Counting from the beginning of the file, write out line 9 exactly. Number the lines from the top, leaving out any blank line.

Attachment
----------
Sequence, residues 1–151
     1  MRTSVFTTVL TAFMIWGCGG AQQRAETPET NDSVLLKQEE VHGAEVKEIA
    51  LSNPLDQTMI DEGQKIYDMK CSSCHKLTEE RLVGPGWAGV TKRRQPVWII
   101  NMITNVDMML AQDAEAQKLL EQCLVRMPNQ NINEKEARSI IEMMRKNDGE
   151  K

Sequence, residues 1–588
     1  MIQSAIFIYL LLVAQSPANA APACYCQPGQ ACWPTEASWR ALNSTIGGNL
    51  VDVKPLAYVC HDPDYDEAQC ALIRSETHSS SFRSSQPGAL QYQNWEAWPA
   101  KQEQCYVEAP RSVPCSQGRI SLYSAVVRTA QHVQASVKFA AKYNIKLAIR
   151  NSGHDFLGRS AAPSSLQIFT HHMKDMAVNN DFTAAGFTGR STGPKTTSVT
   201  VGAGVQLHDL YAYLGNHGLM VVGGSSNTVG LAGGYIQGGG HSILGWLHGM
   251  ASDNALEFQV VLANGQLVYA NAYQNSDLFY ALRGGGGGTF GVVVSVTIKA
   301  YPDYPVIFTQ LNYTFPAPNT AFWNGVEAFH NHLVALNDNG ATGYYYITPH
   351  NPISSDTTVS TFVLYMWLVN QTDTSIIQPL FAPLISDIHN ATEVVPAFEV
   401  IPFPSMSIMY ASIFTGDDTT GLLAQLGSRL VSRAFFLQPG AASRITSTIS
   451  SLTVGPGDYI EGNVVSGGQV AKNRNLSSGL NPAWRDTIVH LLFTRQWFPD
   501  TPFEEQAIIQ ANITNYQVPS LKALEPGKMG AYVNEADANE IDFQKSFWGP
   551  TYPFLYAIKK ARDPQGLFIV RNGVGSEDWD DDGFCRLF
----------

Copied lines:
   101  KQEQCYVEAP RSVPCSQGRI SLYSAVVRTA QHVQASVKFA AKYNIKLAIR